Helpful tips when combating computer eye strain, includes suggestions on how to rest your eyes, computer glasses, monitor print size and laptops vs desktop computers.
Learn tips to help you when combating computer eye strain.
Those of us who spend hours a day in front of a computer know that staring at the screen for extended periods of time can lead to eyestrain. While we may not be able to change our work venue or lessen the hours we spend at the computer, we can learn to take better care of our eyes.
The image on the computer screen is not a stable one. Rather than a solid black-and-white image, the computer picture is composed of pixels that appear as miniscule dots, flickering at high rates of speed. Our brains try to make sense of this by constantly telling our eyes to refocus.
Because the brain is on alert trying to pick up these signals, we blink less. Normal blink rate is around twenty times a minute, but at the computer, we blink only about half as much as we should. To reprogram your blink rate, consciously blink several times the next time you restart your computer. Try doing this exercise each and every time you boot up your computer. Or better yet, type a reminder into your screen saver.
Another source of stress for our eyes is the physical distance we sit from our computer screens. While normal reading distance is 14 to 16 inches, our monitors typically sit 26 to 28 inches away. While it may not be possible to move your screen closer, computer glasses may alleviate the problem. Designed for the specific work distance between your eyes and your screen, computer glasses should be used for the specific purpose of computer work and then left at your workstation.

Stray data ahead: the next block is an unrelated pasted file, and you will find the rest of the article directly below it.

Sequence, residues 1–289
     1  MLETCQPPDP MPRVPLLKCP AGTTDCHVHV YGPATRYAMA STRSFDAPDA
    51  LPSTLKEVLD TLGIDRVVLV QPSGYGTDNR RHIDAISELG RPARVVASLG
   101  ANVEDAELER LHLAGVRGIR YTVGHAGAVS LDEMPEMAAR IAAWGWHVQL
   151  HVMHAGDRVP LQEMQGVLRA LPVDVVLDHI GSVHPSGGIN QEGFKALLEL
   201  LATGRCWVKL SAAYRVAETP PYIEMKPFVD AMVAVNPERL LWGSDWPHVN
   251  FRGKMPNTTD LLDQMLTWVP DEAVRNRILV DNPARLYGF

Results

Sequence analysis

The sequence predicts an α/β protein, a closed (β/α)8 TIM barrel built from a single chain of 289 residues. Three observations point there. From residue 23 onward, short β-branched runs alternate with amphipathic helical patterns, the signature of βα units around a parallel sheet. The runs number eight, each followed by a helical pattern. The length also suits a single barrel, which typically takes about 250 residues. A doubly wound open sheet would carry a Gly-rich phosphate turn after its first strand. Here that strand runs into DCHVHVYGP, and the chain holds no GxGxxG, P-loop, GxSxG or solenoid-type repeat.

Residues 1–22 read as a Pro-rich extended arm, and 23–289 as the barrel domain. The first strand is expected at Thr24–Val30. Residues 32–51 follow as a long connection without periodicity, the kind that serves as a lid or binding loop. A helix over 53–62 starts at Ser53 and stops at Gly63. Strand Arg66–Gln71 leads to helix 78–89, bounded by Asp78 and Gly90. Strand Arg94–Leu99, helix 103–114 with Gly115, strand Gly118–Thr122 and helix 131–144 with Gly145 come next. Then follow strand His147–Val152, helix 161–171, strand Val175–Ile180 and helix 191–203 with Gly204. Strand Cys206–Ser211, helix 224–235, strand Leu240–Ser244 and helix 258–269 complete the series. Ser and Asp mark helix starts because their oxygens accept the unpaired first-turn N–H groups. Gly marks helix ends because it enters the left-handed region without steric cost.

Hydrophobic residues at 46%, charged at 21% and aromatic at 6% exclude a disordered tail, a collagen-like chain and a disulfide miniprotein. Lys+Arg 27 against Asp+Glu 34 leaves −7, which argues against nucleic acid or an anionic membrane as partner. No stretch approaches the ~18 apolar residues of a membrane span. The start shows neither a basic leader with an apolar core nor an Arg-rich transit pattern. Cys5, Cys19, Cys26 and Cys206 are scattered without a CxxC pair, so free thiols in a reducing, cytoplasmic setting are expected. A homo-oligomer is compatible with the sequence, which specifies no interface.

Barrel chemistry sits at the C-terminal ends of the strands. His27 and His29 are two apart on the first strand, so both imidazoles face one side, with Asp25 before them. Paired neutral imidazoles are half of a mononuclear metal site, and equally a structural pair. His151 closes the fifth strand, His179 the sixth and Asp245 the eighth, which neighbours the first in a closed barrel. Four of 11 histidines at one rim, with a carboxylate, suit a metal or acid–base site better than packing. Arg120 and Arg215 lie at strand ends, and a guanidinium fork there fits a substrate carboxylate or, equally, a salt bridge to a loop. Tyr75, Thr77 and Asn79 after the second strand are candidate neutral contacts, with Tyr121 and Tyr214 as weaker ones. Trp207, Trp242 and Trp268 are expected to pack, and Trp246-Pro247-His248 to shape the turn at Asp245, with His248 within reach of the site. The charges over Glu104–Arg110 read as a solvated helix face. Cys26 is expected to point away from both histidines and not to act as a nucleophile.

And if you typically wear bifocals, your eyes may be under additional stress, since you tend to raise your head and lean in toward the screen. Invisible bifocals (the ones that don’t show any line between top and bottom half of the lens) may be a better choice.
Difficult as it may be—considering there’s e-mail to be checked and reports to be written—taking a breather from the computer will ultimately ease eyestrain. Make it a point, every fifteen minutes, to look up and away from your screen. Gaze as far as you can into the distance. If you’ve got a window, look at the horizon. If all you’ve got is a wall in front of you, look at that for a minute or two.
Here are few more helpful hints for those experiencing computer eyestrain.
• Larger print is always better than smaller print.
• Black text on a yellow or rosy background tends to be more soothing.
• Consider purchasing a laptop; it’s easier on the eyes because it comes closer to the standard reading position.
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